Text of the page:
It's working for Carrie Vogel
Los Angeles, California
Keep putting one foot in front of the other and know that the time will pass and that your baby will find its way to you.
It is okay to acknowledge that you do not know how to do this perfectly. This is particularly hard if you are used to being a successful and organized problem solver at work.
I ended up with 14 weeks of maternity leave, most due to the timing (it ended during winter break when we are usually off anyway). During this time I responded to internal emails as needed, but not emails from congregants. I also led a few services, went to a handful of meetings, and spoke at a conference that I had already been contracted to speak at. Being back at work for four months now, I’ve come to understand that the reality of a back-to-work plan will probably be in flux for much of the first year.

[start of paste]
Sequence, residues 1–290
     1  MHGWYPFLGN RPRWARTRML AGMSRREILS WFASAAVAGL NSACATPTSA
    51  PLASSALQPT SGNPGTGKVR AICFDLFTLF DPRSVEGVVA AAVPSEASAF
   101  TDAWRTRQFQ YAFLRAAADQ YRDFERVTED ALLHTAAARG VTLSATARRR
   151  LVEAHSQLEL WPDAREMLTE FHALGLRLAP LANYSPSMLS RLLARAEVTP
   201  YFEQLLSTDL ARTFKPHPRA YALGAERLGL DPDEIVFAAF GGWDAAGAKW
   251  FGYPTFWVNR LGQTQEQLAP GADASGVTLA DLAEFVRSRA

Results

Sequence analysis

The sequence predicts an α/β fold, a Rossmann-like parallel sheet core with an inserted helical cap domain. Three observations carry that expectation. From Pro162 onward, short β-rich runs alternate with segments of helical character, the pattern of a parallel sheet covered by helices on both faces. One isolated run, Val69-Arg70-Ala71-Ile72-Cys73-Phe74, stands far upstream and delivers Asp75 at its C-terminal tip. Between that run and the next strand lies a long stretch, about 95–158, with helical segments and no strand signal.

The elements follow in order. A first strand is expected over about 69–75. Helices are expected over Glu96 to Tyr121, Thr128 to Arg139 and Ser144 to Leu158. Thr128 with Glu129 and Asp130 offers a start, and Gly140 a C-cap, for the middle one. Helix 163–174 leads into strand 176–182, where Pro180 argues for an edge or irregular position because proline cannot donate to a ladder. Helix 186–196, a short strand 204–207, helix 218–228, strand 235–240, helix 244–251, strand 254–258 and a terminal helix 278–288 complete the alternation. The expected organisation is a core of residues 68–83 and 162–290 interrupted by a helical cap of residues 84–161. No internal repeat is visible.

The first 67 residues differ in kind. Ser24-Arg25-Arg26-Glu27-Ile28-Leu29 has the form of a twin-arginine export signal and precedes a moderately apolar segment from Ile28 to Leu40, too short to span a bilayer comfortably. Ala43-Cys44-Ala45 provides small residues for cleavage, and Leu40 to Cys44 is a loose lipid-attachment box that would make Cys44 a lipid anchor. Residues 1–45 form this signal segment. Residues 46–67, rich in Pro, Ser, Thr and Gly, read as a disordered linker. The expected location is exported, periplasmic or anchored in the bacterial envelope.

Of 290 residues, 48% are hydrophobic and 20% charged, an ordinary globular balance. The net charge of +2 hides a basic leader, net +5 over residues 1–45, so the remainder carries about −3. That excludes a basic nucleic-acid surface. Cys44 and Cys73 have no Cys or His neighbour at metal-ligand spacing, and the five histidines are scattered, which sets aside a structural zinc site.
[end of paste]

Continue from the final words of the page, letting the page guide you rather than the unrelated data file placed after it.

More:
Toward the end of our paperwork, just before we “went live,” [my husband and I] each told our bosses and the senior staff at our jobs. During the time that we were waiting (almost two years), we shared the information with people as it came up organically. However, at the time of our son’s birth, there were still some staff members (and many congregants) who did not know this was something we were doing.
Other working parents, most definitely. It’s good to hear, “yes, your child will still know who you are,” “yes, it will get easier,” “yes, you will be so very, very tired.” I am also fortunate in that all of the other members of my senior staff team have children and understand what these first months and years are like. They have been wonderfully supportive and given me the time and flexibility to get into a working parent groove (which I am hoping to get into one of these days!).
I never expected that just leaving the house in the morning with the baby and all of our stuff for work and daycare would be so hard, and that cloth diapers would be so much easier!